IS OVER-PACKAGING MAKING YOUR HERB LESS GREEN?To some it’s no secret that the environmental legacy of the marijuana industry isn’t very pretty. Prohibition of cannabis and the failed War on Drugs has driven cultivation of cannabis indoors, driving energy-hungry artificial lighting to grow a plant that naturally thrives in the sun. Less than scrupulous operators have damaged public lands and poisoned the environment with dangerous pesticides and fertilisers.
Cannabis marketing and packaging is a crucial aspect of the industry - but is it causing too much harm when it comes to the environment?
While the legalisation of cannabis appears almost certain to have a more positive than negative impact on the world, as an industry takes shape and drug war victims incrementally receives a modicum of restorative justice, we do at times overlook the negative impacts along the way. Waste continues to be a primary concern.

Legalisation leads to an influx in operators and often strict rules and regulations around child-safe packaging. To make matters worse, cultivation from licensed and unlicensed farms can often have huge impacts on water, waste and the land. The waste concerns aren’t solely exclusive to that of producers and retailers. The marketing materials produced to promote the products contribute a smaller, yet still troubling amount - be it copious amounts of fliers at dispensaries or promotional materials wrapped in layers of plastic or cardboard.
Evolved discussed this with numerous cannabis marketing leaders to understand the issue better, its magnitude and why cannabis, a space aiming to revolutionise, often falls into such wasteful marketing practices. 
Most believe that marketing and promotional waste isn’t the primary industry concern. However, most also felt it is an issue worth addressing.

Marketing leaders advise brands to consider the environmental impact of their marketing materials used. At the same time, they have to consider if people will use the product rather than be concerned about its production cost. In certain cases, that consideration may lead to digital efforts rather than that of physical materials. Don’t all brands want to fuse style with innovation and still uphold an environmentally conscious ethos?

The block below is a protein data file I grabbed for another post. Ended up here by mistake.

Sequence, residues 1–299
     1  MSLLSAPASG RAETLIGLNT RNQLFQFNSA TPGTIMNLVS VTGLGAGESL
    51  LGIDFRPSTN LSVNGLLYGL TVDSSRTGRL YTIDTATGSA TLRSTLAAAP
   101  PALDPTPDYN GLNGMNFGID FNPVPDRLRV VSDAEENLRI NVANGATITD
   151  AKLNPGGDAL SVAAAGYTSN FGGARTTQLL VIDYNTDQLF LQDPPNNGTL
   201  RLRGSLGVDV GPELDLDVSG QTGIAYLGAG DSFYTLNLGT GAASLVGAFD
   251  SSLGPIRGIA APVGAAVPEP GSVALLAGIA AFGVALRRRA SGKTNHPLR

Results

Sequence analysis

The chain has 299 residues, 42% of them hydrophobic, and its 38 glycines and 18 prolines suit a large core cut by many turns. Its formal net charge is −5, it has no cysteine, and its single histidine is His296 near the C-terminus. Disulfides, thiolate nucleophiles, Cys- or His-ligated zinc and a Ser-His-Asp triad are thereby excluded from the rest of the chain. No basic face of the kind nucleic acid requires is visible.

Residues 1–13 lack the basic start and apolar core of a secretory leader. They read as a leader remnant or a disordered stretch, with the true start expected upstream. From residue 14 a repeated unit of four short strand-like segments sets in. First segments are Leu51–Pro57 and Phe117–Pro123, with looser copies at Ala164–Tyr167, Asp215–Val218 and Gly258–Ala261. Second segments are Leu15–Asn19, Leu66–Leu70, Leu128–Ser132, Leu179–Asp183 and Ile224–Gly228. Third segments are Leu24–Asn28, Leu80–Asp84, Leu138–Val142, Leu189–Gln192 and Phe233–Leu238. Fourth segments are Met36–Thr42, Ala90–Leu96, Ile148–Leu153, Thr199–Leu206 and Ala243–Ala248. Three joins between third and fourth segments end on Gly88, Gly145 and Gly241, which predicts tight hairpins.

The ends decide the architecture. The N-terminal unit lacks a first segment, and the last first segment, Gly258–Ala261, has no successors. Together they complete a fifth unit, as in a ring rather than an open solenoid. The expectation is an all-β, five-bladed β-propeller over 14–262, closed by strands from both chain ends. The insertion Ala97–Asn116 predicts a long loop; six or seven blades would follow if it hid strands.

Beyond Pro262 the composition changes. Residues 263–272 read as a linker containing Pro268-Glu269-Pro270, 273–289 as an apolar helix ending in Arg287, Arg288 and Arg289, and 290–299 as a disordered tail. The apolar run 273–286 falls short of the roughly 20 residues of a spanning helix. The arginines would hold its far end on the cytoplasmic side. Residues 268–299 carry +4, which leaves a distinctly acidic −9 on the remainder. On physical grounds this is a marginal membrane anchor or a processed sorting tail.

To achieve this, brands must adopt a forward way of thinking when approaching their packaging needs.

The other side of the equation is the consumer. Most brands converted to eco-friendly packaging, but it’s up to the consumers to turn into repeat buyers, even if it means paying a slightly more premium price.
The three most common ways to produce sustainable packaging is going with one of these routes: recyclable or reusable, plant-based, or reducing packaging altogether to eliminate plastics.Sampling and gift boxes is the best practice for getting your product into people’s hands. Rather than fighting the inevitable, brands need to consider what they create and where it may eventually lead- the landfill. Products directed at the luxury cannabis market seem to be particularly guilty of outlandish over packaging. Perhaps extra consideration should go into using compostable packaging or simply avoiding branded items people will likely throw away?

Waste will likely continue to be a great source of negativity in the cannabis space for some time, despite the issue being acknowledged. 
Waste will likely continue to be a great source of negativity in the cannabis space for some time, despite the issue being acknowledged. However, the consensus is that now is the time to act. If you’re not thinking about the environmental impact of your marketing efforts, you’re probably not thinking about the impact of your product.

Trailblazing Partners - Issue 6


Foreword - Issue 6


Issue 6 - Cover

Issue 6 - Cultivation